Main Source of Origin: Brazil, Namibia, Mozambique, Nigeria
Mohs Hardness: 7.5
Tourmaline is also known as an ‘Electric Stone’ (電気石) in Japanese, which was a name given to describe its unique quality of pyroelectric and piezoelectric that means it produces static electricity with heat treatment and polishing. You can test that out by vigorously rubbing to warm up the tourmaline which will allow it to magically attract nearby bits of paper and dust or make your hair stand. Perhaps this spooky quality of tourmaline makes it a perfect birthstone for the month of October.
Well known for its wide range of colors that covers an extensive color spectrum, specific colors of tourmaline comes with prefixes that serves to evoke images of the hues associated, such as the vivid pink of Rubellite Tourmaline, and the striking yellow of Canary Tourmaline resembling the yellow feathers of a canary. Tourmalines of clear blue and green hues are also widely favoured. Tourmaline’s colours are a result of different elementary minerals. Iron-rich tourmalines are black to bluish-black to deep brown, while magnesium-rich varieties are brown to yellow, and lithium-rich tourmalines are almost any colour of green, blue, red, yellow, pink and more. Very rarely, colourless tourmaline can be found.
Today, gemologists divided tourmalines into 11 different species depending on their properties and chemical composition. While the red or pink colours are known as rubellites, blue colours are called indicolite and the multi-coloured tourmaline along with Paraiba tourmaline are called Elbaites.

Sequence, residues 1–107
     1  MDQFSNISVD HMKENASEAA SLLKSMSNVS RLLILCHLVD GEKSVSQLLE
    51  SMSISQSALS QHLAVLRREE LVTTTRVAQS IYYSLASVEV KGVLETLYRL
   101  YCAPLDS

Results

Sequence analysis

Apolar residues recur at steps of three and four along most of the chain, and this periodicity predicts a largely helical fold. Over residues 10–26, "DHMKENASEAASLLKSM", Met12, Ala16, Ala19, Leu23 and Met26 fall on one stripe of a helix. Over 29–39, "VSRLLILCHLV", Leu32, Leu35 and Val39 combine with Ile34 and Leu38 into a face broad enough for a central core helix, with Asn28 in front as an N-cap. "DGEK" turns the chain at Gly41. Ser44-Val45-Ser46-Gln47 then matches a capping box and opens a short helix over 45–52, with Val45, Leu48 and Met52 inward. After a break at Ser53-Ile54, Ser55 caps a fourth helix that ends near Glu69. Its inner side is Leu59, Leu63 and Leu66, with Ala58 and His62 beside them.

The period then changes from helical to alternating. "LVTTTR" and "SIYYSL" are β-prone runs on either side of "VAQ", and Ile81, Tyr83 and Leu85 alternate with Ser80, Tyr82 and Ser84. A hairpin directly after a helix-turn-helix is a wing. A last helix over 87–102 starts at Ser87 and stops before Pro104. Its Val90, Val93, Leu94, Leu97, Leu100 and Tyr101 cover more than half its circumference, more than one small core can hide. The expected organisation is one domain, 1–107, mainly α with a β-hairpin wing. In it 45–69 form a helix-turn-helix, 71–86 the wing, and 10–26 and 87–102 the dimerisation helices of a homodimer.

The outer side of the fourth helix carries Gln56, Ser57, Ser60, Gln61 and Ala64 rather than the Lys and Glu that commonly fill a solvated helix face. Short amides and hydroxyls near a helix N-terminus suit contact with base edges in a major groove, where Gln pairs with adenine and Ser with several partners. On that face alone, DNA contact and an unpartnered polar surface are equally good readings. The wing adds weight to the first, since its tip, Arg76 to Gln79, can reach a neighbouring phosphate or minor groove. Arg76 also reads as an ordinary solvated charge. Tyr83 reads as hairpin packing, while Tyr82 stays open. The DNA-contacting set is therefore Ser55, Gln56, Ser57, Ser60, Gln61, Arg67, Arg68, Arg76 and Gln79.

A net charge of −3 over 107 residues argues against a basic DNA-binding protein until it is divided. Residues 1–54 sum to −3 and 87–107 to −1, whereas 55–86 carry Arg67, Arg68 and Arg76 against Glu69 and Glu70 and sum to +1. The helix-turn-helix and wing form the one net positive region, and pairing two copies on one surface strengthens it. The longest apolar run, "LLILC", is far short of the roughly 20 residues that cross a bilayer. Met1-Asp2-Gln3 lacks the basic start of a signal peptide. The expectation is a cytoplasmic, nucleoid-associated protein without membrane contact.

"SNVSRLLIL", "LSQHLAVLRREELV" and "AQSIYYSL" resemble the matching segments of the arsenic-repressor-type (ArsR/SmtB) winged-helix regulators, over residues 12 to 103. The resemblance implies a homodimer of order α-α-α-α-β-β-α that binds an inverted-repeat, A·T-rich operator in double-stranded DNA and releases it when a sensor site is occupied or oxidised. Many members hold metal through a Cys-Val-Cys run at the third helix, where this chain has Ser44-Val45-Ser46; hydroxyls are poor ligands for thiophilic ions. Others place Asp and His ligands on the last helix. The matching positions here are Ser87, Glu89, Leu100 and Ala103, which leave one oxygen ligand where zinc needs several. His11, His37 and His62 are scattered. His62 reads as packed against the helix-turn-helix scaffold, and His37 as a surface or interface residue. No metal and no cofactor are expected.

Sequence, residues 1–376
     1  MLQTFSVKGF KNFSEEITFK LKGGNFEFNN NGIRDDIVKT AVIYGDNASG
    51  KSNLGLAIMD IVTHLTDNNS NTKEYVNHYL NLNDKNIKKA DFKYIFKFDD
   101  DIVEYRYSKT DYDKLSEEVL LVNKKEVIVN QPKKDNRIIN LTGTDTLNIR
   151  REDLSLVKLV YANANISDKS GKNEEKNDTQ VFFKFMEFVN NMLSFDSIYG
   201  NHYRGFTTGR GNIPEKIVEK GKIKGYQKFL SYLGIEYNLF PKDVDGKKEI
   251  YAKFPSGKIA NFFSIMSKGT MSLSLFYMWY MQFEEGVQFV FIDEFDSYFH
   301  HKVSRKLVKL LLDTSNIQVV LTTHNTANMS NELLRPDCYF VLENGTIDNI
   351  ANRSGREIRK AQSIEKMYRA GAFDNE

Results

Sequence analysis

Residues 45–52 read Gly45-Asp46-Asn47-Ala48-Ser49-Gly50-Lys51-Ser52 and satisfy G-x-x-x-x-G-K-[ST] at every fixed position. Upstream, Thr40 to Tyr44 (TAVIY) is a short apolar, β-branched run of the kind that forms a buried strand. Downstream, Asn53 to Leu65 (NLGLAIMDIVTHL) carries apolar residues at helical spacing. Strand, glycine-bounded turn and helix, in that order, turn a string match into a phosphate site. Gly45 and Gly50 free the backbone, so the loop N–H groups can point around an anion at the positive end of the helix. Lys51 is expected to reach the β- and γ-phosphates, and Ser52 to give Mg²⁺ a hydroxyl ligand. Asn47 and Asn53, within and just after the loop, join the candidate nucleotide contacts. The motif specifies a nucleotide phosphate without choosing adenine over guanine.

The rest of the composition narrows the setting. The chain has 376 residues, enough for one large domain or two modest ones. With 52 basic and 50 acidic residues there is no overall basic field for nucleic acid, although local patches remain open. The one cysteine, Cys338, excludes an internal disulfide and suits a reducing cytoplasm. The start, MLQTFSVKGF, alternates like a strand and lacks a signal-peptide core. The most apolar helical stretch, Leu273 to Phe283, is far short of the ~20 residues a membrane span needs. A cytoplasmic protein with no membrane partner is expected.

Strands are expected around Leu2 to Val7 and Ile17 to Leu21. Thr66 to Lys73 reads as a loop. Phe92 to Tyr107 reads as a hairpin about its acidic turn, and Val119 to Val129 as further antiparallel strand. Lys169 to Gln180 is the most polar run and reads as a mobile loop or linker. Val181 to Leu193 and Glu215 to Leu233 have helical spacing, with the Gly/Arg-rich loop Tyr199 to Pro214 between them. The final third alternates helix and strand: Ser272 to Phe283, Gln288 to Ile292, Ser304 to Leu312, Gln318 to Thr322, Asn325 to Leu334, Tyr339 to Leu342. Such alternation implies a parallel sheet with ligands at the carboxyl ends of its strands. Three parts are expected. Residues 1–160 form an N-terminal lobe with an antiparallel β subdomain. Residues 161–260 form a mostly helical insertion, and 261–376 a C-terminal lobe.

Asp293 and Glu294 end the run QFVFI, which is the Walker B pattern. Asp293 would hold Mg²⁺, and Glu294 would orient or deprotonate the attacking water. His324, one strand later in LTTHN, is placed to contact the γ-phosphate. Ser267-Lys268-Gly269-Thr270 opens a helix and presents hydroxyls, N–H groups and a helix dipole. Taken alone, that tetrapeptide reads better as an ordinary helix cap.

Apart from the usual single hue tourmalines, there are also bi-colour tourmaline which contains two colours. The Watermelon Tourmaline is a popular bi-color tourmaline that resembles the cross section of a watermelon. Watermelon Tourmaline was first discovered in Brazil in the 16th century in which the green crystals were initially confused with emerald. It was not until the 19th century that the gem was classified as tourmaline. Tri-colored tourmaline also exist commonly which may be green at one end, colourless in the middle and reddish-pink at the other. Some forms of tourmaline are dichroic, such that when viewed from different directions, the gemstone changes colour.
Different varieties of tourmaline tend to have different clarities. While large clean tourmalines are usually blue and bluish-green in color, almost all red and pink tourmalines show eye-visible inclusions such as fractures that appears like imperfect cracks within the gemstone. These fractures however are viewed positively as a natural characteristic of the Watermelon Tourmaline that perfectly mimics the rind and flesh of our favourite summer fruit.
Pink Tourmaline (Rubellite)
Pink Tourmaline which is a variety of tourmaline known in the trade as rubellite is one of the most sought-after tourmalines that comes in similar shades to the precious ruby. Representing a love of humanity and humanitarianism, pink tourmaline is worn with the believe to promote sympathy towards others. It has been suggestively considered by hea